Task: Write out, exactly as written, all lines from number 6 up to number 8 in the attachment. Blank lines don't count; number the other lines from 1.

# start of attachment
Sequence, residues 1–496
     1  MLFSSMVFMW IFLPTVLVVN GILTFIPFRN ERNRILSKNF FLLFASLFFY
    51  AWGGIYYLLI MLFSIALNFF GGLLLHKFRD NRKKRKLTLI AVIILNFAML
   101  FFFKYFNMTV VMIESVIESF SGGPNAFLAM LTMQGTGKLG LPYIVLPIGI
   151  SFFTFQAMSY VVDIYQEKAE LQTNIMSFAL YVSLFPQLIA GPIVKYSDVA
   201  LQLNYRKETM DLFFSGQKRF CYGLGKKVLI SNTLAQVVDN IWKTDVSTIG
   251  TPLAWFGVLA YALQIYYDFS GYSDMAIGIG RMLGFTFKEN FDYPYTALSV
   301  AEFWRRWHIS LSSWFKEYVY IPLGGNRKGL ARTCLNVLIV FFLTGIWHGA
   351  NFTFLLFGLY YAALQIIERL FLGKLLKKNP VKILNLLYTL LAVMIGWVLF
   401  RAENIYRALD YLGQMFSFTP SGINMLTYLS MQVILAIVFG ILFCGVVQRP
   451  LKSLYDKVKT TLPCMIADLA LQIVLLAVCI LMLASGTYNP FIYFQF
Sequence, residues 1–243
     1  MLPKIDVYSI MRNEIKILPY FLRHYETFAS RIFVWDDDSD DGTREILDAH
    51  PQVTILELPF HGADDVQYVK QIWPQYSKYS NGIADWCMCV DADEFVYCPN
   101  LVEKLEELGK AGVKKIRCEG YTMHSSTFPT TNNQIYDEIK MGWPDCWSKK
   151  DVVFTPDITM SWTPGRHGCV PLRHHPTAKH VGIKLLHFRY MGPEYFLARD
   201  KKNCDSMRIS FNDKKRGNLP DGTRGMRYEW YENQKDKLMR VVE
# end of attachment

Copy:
   201  LQLNYRKETM DLFFSGQKRF CYGLGKKVLI SNTLAQVVDN IWKTDVSTIG
   251  TPLAWFGVLA YALQIYYDFS GYSDMAIGIG RMLGFTFKEN FDYPYTALSV
   301  AEFWRRWHIS LSSWFKEYVY IPLGGNRKGL ARTCLNVLIV FFLTGIWHGA